Biden and Sanders’ higher education plans differ in scope, specificity

Elizabeth Warren’s departure from the Democratic presidential nomination race has left two candidates with different approaches to dealing with college affordability and other higher education policy issues. In addition to having different prices, the plans published by Joe biden and Bernie sanders differ in the amount of detail they provide.

Price tag:

Biden: 750 billion dollars

Sanders: $ 2.2 trillion

Remission of debts:

Sanders: Would cancel the entire $ 1.6 trillion outstanding student debt balance in the United States

Biden: Would take a more targeted approach, enrolling all existing and new borrowers in income-based repayment plans, except those who choose to opt out. Borrowers who earn $ 25,000 or less per year are expected to pay no payments on their federal undergraduate student loans and earn no interest on those loans. Others would pay 5% of their annual discretionary income over $ 25,000 for loans. The plan would write off 100 percent of any remaining debt for those who have made payments for 20 years. It would also change the tax code so that debt forgiveness through income-based repayment is not taxed.

Biden’s plan would also revamp the civil service loan forgiveness program, providing $ 10,000 in undergraduate or graduate debt relief for each year of national or community service worked, up to five years. People who work in schools, government and other nonprofit settings would automatically be enrolled in the forgiveness program. He would seek to resolve the problem of PSLF candidates being rejected for not enrolling in the correct repayment plan. Auxiliary teachers would be entitled to a pardon, depending on the time spent teaching.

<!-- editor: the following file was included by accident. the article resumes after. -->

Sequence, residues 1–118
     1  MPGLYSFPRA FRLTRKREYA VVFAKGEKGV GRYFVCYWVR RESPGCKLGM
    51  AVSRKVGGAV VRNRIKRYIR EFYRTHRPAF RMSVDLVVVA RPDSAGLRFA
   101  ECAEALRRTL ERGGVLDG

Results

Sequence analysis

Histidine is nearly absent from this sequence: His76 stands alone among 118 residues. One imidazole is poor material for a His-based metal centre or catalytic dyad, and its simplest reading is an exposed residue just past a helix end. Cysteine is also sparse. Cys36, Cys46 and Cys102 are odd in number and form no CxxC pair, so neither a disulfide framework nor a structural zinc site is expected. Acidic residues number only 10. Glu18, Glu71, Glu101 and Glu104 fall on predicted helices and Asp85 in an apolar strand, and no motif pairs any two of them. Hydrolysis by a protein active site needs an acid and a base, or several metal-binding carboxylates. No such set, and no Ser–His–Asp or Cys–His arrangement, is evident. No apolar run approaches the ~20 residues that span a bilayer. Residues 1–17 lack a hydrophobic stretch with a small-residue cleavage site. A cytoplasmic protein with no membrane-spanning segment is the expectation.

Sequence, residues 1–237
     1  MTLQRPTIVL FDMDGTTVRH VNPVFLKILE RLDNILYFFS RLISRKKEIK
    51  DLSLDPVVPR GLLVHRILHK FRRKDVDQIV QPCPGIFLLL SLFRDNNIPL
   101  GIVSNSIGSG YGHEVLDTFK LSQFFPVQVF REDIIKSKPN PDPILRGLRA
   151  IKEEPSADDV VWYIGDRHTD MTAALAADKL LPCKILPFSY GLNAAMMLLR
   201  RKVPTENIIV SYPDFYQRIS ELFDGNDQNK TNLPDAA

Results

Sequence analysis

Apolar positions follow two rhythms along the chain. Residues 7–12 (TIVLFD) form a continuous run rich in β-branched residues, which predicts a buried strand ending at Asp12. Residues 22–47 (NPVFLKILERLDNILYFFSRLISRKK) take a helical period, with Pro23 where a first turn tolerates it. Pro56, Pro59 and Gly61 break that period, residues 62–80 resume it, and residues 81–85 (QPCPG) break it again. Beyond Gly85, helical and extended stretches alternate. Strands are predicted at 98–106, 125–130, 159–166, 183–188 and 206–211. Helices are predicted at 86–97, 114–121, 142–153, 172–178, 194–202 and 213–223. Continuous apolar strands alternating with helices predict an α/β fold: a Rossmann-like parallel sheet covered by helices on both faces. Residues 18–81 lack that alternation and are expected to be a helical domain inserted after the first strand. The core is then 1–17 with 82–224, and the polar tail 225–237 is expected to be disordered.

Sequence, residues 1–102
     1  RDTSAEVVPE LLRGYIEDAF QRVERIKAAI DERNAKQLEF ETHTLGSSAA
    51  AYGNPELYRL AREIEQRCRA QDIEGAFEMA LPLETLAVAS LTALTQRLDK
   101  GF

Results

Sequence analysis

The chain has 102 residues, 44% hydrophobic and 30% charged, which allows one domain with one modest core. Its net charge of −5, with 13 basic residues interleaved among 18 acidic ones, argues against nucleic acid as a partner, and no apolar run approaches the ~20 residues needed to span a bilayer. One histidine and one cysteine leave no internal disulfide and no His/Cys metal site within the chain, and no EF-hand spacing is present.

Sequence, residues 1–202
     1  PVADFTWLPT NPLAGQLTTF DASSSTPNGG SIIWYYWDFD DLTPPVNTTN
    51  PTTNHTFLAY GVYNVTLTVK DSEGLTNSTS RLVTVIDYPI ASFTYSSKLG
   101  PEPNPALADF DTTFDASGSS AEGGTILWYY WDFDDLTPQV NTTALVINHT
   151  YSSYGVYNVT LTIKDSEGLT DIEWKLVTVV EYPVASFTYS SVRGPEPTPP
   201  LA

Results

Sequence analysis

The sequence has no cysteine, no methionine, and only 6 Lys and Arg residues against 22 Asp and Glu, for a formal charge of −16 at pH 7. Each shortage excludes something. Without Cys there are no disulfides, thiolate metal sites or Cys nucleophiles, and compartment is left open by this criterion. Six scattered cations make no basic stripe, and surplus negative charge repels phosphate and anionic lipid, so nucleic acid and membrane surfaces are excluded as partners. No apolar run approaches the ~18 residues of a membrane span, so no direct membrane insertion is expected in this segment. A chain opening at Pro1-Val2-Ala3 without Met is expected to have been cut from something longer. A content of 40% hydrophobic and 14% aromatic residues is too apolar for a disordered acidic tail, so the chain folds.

Free college:

Sanders: Spend $ 48 billion a year to eliminate tuition and fees at public four-year colleges and universities, tribal colleges, community colleges, trade schools and apprenticeship programs. His plan would create a federal-state partnership in which the federal government would pay two-thirds of the cost of free tuition, with the state responsible for the other third.

Participating states and tribes must meet several conditions to be eligible, including a reduction in their reliance on low-wage contingent faculty members. Funds generated by the program could not be used for administrator salaries, merit-based financial aid, or the construction of non-university buildings such as stadiums and student centers.

Biden: This would make up to two years of community college free for all students, including those attending part-time, children of undocumented immigrants, and those who have not recently graduated from high school. The program would also be created as part of a federal-state partnership, in which the federal government would provide 75 percent of the cost, with the states taking the remainder. The federal government would cover 95 percent of the cost of eliminating tuition fees at tribal community colleges that serve low-income students. Those who would benefit from two years of college tuition free of charge could then get another two years free of charge at historically black colleges and universities and institutions serving minorities.

Other student aid:

Sanders: Since tuition fees would no longer exist at public institutions, low-income students would be free to use federal Pell Grants for books, transportation, housing, and other costs. The plan would require states and tribes participating in the federal-state partnership for a free college to cover any costs that remain after the grants for low-income students. It would also triple spending on the federal work-study program, with a focus on institutions that serve large numbers of low-income students.

Biden: For community college students, the federal-state partnership for a free college would be what’s known as the first dollar, meaning that student aid grants could cover other college attendance costs in addition to the costs. tuition fees.

To help students at four-year institutions pay for fees other than tuition, the plan would create a new grant program to provide support services to students, especially U.S. Army veterans, to parents. singles, low income students, students of color, and college students. with disabilities. The grant could be used for public benefits, textbook and transportation costs, and childcare and mental health services. Institutions could also use the money to create emergency grant programs for students facing an unexpected financial challenge that threatens their ability to stay enrolled in the university.